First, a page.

Know Before They Go: How to Potty Train a Puppy
One of the greatest challenges of puppyhood is figuring out how to successfully potty train a puppy.
Don’t worry—we’ve got you.
For the sake of your flooring (and your sanity), puppies need to learn to eliminate in a designated area you both are comfortable with. Often, this is either outside in the yard or on a walk (in which case compostable poo bags are a must). There are other options, too, especially for potty training puppy parents living in condos, apartments, or urban areas with limited access to grass: litter boxes (yes, you read that right), grass potty pads, pee pads, and even newspapers can do the trick.
We field potty training questions from puppy parents all the time:
- How long does it take to potty train a puppy?
- How long can dogs hold their pee?
- How often should I be taking my puppy out to pee?
Some of the answers to these questions depend on the puppy, but our hope is that these puppy house training tips will help speed up the process and take some of the pains out of potty training.
How to potty train a puppy: When to start, what to do
Between 3 and 12 weeks, puppies will start leaving their den area (usually a crate or a puppy plan pen) to go to the bathroom. Good news for you: you can start puppy potty training early! Come prepared with patience, though: on average, it takes between 4-6 months before your puppy is fully house trained.
One of the biggest goals of puppy potty training is to help your puppy learn where to go when it’s time to go. After all, what goes in must come out.
Setting a puppy potty training schedule gives you the best chance of success. Like humans, puppies thrive in routine.
Example puppy potty training schedule:
EXPERT TIP: If you’re a morning person, your puppy’s breakfast can be used as a reward after a quick training session. Food-motivated puppies will be more willing to work for their meals. A win-win, if you ask us.
- Immediately after your puppy wakes up for the day, guide them to their designated area to eliminate.
- Have a play to burn off some of that early morning energy before breakfast.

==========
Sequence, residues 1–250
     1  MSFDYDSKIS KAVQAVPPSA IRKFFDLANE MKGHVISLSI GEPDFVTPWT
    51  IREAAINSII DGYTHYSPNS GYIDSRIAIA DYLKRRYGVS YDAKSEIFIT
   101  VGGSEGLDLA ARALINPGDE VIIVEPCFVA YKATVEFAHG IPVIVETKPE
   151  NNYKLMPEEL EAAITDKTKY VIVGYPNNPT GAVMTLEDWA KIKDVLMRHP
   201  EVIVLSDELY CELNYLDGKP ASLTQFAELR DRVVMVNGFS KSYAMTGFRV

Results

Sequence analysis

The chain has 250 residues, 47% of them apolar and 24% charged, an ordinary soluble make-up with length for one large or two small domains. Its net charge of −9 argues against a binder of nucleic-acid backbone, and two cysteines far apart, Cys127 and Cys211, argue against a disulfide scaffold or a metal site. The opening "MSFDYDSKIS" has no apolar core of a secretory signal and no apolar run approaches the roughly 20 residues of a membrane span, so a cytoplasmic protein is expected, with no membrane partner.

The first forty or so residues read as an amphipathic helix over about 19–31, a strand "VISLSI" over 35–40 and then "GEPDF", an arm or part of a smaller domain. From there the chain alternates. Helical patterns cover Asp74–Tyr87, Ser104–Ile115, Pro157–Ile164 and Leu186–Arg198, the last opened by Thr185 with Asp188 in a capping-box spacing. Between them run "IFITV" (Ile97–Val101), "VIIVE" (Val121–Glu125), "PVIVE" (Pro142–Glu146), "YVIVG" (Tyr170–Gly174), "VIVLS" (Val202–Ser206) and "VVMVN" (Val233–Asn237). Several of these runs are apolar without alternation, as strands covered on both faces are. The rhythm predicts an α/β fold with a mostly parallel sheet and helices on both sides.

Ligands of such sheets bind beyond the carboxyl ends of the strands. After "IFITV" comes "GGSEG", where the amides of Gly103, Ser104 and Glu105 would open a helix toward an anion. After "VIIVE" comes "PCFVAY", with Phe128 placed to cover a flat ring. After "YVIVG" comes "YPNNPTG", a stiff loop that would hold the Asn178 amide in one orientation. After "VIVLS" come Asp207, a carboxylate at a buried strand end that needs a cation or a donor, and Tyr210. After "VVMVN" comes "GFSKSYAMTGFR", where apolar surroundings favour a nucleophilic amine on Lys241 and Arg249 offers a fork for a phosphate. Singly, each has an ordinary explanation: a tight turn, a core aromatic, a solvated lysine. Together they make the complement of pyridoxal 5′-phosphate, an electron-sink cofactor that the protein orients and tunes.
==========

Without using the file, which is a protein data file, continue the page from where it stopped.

- After breakfast, take your puppy for a bathroom break and/or a walk. Puppies usually have to go potty about 15 minutes after eating.
- More playing and training.
- Time for a nap. How long your puppy sleeps for depends on how long they can hold their bladder for.
- Another post-sleep pee. This helps your puppy build an association between the two.
- Even more playing and training. (If you’re a puppy parent, you know just how energetic a freshly-rested puppy is.)
- Repeat the two steps above at least one more time. (What can we say? Puppies play hard and nap hard.)
- Time for dinner! You know the drill: feed, digest, eliminate.
EXPERT TIP: How long can dogs hold their pee? The number of hours usually works out to age in months + 1. If your puppy is 4 months old, you should offer a bathroom break at least every 5 hours.
- After dinner is when puppies are most rambunctious. Zoomies, anyone? If your puppy has a hard time settling down, offer them an interactive toy.
- Instead of an after-dinner nap, try a long sensory walk. Mental stimulation + physical exercise = an engaged, exhausted puppy.
- Set a time for bed and stick to it.
- You’ll likely need to get up at least once overnight to let your puppy out for a potty break. If you’re a deep sleeper, set an alarm so you don’t wake up to a soiled crate or play pen.
Dog bathroom etiquette: Tips to successfully house train a puppy
There’s a lot for puppy parents to consider when they’re figuring out how to potty train their puppy. To help you out, we’ve rounded up a few of our top tips:
- Pick where you want your puppy to go and stick with it.
Switching locations may confuse your puppy, causing them to inappropriately eliminate around the house or the yard. The last thing you want is to have your puppy peeing on your garden beds!
EXPERT TIP: Just because your puppy doesn’t have all their booster vaccines doesn’t mean they shouldn’t be interacting with other dogs. Provided your puppy’s playmates are fully vaccinated and play well with pups, we recommend as many play dates as possible!
The exception to this rule is puppies whose parents potty trained them indoors but are ready to take things outside. (We recommend sticking with whichever environment you start with, but we also understand life sometimes doesn’t go according to plan!) For a smoother transition, you’ll need to temporarily relocate their indoor potty device so your puppy can work out what’s going on and what they need to do.
When choosing a location, steer clear of areas where lots of wildlife pass through. Wildlife, an event other dogs, can transfer diseases like parvovirus—things you especially want to avoid until your puppy is fully vaccinated.
2. Constant supervision is key.
The ticket to successfully house training a puppy is constant supervision. If you have a rambunctious pup, you may want to keep them on a leash when they are awake and about so they don’t sneak off and have an accident in the house. There are plenty of vet-recommended hands-free leash options available, a solution that’s super attractive to puppy parents working from home.